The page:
This world is transitory. Muslims know and believe this, and so they try to live as travellers; detached and not distracted by worldly things. This is one of the most beautiful and liberating aspects of Islam. Muslims also aim to achieve divine love, and to love the Prophet (pbuh) more than their own selves. Love in these cases, therefore, is not base or worldly but is something higher. Marriage, however, is half of the religion. As Muslims we know this, but I sometimes feel this isn’t believed or practiced because of the previous principles. Often it is asked how an institution between man and woman can be so important to faith and belief, when such an attachment seems so worldly. This is the exact dichotomy that I see cropping up in the Valentine’s debate: that love is either correct or corrupt, even when it is lawful. And I find this worrying because we all love, in whatever manifestation it may be. Yet if we are only told that love between humans should be held at arms-length, or that divine love is the only way to go, then I fear for the tenderness, the balance and the spiritual progression of the Muslim community. So what is this over-powering, beautiful and sometimes painful emotion we all feel? And what does Islam say about it, especially when it is between people and especially when it is considered lawful?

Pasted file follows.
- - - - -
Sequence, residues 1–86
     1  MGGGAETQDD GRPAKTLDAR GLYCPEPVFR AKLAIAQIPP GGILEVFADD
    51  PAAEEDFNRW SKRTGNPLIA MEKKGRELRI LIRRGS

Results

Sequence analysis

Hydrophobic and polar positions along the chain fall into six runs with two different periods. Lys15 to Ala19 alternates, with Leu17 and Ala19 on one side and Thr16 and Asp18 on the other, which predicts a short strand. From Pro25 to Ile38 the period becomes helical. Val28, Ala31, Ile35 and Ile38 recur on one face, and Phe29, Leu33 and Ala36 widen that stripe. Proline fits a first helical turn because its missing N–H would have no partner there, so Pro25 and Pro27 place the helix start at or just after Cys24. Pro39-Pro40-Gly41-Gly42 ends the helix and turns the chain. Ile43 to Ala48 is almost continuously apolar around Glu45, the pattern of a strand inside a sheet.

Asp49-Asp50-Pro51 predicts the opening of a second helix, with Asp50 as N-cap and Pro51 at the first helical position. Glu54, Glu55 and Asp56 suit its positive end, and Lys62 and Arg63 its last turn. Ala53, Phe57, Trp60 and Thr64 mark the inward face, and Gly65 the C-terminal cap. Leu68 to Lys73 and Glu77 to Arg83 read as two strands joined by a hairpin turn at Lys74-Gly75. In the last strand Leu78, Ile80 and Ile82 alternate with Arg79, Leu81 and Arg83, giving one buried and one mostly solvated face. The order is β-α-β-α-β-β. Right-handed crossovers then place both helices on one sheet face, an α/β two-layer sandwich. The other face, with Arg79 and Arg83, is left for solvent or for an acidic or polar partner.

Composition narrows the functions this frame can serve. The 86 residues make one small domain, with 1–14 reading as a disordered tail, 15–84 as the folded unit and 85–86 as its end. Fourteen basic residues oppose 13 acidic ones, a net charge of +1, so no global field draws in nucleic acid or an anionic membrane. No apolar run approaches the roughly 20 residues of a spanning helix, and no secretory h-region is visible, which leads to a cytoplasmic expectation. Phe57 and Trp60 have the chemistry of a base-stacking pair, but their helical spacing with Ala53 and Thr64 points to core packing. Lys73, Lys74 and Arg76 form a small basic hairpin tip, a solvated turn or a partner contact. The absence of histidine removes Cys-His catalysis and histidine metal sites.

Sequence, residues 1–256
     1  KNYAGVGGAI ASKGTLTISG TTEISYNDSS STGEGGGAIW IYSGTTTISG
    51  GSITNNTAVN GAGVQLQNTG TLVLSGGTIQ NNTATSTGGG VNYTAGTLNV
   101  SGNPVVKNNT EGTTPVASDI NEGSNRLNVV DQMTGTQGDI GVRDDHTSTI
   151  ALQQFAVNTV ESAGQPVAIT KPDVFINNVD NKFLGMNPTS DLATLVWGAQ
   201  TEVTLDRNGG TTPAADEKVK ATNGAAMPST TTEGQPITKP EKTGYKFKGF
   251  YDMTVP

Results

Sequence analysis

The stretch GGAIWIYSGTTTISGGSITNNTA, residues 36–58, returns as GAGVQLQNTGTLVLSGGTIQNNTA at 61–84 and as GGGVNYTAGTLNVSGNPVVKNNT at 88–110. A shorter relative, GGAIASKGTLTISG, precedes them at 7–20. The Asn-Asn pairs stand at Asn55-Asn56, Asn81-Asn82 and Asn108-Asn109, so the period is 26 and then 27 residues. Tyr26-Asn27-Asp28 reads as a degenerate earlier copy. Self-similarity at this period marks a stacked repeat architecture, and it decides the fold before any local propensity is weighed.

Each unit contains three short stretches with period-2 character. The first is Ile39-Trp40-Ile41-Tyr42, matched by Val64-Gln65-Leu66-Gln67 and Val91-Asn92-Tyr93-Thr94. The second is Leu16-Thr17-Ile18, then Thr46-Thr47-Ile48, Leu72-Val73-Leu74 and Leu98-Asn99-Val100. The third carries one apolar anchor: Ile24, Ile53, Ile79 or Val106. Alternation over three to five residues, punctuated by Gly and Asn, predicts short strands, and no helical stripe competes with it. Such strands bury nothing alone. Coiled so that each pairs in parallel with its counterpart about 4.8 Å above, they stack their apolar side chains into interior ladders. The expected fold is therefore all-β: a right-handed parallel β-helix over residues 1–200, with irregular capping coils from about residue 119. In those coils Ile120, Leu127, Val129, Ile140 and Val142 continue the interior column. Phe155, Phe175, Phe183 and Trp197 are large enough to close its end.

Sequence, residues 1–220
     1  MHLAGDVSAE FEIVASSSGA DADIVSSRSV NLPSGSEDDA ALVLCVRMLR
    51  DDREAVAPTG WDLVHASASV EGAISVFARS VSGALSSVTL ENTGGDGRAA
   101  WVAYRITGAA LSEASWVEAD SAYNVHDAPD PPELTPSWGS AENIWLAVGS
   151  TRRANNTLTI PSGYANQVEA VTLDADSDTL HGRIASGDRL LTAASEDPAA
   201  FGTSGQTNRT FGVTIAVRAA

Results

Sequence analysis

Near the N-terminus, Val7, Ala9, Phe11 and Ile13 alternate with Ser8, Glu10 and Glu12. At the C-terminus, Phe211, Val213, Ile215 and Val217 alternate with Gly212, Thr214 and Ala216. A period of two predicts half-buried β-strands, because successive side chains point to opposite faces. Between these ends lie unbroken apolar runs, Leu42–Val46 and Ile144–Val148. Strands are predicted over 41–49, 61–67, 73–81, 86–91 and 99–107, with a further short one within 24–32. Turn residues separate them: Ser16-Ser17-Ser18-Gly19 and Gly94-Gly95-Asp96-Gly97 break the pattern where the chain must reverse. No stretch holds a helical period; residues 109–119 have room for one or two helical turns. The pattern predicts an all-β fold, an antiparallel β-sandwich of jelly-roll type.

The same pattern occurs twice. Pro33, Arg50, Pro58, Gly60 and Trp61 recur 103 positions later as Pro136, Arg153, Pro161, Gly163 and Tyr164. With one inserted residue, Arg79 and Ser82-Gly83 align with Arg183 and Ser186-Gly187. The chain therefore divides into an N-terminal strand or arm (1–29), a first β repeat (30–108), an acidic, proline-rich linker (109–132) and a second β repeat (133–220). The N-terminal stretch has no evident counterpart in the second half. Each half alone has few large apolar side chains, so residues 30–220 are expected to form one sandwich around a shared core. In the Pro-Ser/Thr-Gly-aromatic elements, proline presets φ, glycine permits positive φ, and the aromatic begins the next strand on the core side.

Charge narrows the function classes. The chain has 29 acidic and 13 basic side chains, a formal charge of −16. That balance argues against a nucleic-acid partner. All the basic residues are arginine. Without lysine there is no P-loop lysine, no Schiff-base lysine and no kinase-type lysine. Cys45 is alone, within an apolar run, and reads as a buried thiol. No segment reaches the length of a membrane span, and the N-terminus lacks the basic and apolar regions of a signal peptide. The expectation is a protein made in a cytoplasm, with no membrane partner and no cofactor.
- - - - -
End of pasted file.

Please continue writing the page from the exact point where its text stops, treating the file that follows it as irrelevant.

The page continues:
The concept of love in Islam is actually very simple. Abū Hurayra reported “I heard Allah’s Messenger (pbuh) say, ‘Allah created mercy in one hundred parts and He retained with Him ninety-nine parts, and He has sent down upon the earth one part, and it is because of this one part that there is mutual love among the creation so much so that the animal lifts up its hoof from its young one, fearing that it might harm it’.” Love is mercy and mercy (raḥma) is divine. This is why marriage is considered half of one’s religion. This is why faith is only attained when one loves for one’s brother what one loves for oneself. This is why paradise lies under the feet of one’s mother. These are all manifestations of love, they are all between humans but they all point towards God. Which is exactly where Muslims want to direct themselves.